Mayor Ann Rodgers said she plans to veto action taken last week by the village board, which voted 4-2 to fire her governmental affairs consultant and TIF administrator, Ray Coleman.
But Village Clerk Rickie Thomas said there is nothing about it on Tuesday night’s meeting agenda.
“She has not issued a veto in writing, so she has forfeited her right to veto it because she didn’t post the agenda in the time required by law, which is 48 hours before the regular board meeting,” Thomas said.
The meeting is at 7 p.m. at the village hall.
Sign Up and Save
Get six months of free digital access to Belleville News-Democrat
It was the third attempt to oust Coleman, who makes $60,000 a year as the mayor’s consultant. She successfully vetoed the action twice before.
The same three trustees who have been voting to fire Coleman again voted to terminate him — Deb Moore, James Madkins and Clyde Jackson. This time they were joined by Herod Hill, a Rodgers appointee who recently called for an investigation into the village’s TIF program. Trustees Shawn Newell and Toni Whittaker voted no.
The next day, Rodgers removed Hill as Finance Committee chairman and appointed Newell and Whittaker together.
Hill has been seeking information regarding the TIF program in Washington Park from Coleman, and Rodgers. He said he has been getting the run around, but both Rodgers and Coleman have denied his assertion.
Hill, along with Madkins, Moore, Jackson and Thomas, have been outspoken about their desire to to part ways with Coleman, saying the village cannot afford him. They said Coleman does not share paperwork with them, and that they are kept in the dark about certain bills and warrants.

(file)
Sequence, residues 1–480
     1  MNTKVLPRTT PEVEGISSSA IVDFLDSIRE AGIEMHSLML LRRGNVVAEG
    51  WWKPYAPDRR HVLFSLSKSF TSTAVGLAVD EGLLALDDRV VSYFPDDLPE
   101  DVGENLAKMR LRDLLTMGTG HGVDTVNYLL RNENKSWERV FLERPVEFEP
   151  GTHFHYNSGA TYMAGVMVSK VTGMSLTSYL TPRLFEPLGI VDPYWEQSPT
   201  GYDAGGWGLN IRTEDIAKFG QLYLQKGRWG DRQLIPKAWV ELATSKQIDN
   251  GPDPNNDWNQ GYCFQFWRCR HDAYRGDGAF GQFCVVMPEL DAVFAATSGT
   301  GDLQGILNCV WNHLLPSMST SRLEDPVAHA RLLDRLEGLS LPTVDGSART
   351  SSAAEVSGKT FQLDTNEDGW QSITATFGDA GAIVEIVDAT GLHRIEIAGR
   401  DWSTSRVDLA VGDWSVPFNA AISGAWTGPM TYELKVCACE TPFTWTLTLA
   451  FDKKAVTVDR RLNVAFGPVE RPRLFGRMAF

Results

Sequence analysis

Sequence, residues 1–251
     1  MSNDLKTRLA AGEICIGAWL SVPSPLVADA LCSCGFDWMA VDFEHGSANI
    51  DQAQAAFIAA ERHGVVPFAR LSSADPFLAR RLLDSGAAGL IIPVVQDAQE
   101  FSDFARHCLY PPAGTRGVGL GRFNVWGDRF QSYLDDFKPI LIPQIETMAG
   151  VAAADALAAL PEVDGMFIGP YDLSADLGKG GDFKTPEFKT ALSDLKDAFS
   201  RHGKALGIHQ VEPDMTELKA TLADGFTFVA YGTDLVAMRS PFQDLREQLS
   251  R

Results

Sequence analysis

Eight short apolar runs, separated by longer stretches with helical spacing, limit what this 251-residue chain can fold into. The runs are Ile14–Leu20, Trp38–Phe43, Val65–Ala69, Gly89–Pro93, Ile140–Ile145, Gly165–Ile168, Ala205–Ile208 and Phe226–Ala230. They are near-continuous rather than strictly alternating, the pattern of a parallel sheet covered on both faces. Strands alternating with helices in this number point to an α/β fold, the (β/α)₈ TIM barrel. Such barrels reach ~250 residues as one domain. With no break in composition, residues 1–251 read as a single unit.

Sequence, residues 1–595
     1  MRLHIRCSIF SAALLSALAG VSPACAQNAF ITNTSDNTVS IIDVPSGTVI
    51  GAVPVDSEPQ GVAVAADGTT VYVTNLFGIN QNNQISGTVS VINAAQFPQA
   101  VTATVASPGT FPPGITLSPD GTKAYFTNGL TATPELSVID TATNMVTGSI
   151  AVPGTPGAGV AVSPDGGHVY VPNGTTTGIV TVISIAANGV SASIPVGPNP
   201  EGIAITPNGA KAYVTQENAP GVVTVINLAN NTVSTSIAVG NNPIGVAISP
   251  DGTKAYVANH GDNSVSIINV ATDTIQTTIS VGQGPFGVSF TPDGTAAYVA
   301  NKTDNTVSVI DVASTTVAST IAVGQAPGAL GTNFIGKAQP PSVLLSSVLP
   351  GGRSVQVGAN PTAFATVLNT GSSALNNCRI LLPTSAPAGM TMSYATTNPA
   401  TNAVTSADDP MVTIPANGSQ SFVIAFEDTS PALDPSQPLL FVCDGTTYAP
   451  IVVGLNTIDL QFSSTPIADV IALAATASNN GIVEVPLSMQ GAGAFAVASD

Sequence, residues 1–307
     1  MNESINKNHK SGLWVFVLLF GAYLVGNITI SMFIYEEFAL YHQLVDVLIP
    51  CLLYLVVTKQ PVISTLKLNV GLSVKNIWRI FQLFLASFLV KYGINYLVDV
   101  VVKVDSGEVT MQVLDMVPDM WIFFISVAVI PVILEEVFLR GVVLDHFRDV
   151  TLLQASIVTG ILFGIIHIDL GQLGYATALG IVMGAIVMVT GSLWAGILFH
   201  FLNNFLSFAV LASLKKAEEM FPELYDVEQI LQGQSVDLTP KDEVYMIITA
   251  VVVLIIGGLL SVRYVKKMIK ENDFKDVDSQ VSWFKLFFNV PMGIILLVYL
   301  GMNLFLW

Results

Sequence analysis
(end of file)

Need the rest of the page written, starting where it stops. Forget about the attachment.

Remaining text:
Those who are making the complaints don’t understand nor do they get involved in the budgeting process, nor do they accept the work I do to keep the village financially solvent.
Washington Park consultant Ray Coleman
“Even though we have a treasurer, Coleman is the one who controls village finances. He’s made numerous bank transfers from accounts with restricted funds such as motor fuel and TIF bank accounts to make sure he gets paid,” Thomas said.
Coleman said this is not true. Rodgers said some of the trustees have not attended meetings where some of the information has been shared.
Coleman said he earns every penny he makes. “Those who are making the complaints don’t understand nor do they get involved in the budgeting process, nor do they accept the work I do to keep the village financially solvent.”
Hill has claimed that money is unaccounted for in the TIF program, but Rodgers has said the issue he is focused on occurred in 2009 before she was mayor.
Hill said $78,000 was set aside in the TIF II program but only one person got $4,000. He wants to know where the rest of the money is. “The rest of the money has been supposedly used to pay payroll and buy equipment, according to the mayor and Mr. Coleman. Why was $25,000 given to one business instead of helping six residents? We never knew the money was not in the TIF II account. We had a ghost account. Mr. Madkins always questioned where the money was. There was nothing there. That’s why he was never given the answer,” Hill said.
With regard to the TIF program accusations and giving Hill the run around, Coleman said, “That is untrue and unfounded once again. Herod and I went to Regions Bank together two weeks ago to get information about the checks in question.”
“We have been working on an internal investigation because there was a businessman who claimed he didn’t get the money he was supposed to receive. We already have the front of the checks, but the question is who actually cashed the checks? We need the backs where the signatures are contained. We are waiting on Regions and Associated Bank to provide that information.”
Thomas went one step further, saying Rodgers and Coleman have used public money for political purposes, such as lunch with political supporters. Coleman said Thomas’ statements are “totally untrue and unfounded.”
Thomas is on the April 4 ballot running for mayor. Rodgers is running as a write-in candidate after a St. Clair County uphold her being removed from the ballot by a village election board.
Recently, Hill recommended that the village not pay employees or any other bills, including the village attorney, until an outside investigation into the TIF program is done. A few days later he backed off that stance, “because we’re obligated to pay the people and bills.”
“But I am still seeking answers on the TIF program,” he said. “You have people saying they didn’t get the money that the books show they got. I just want everything to be accounted for.”
Carolyn P. Smith: 618-239-2503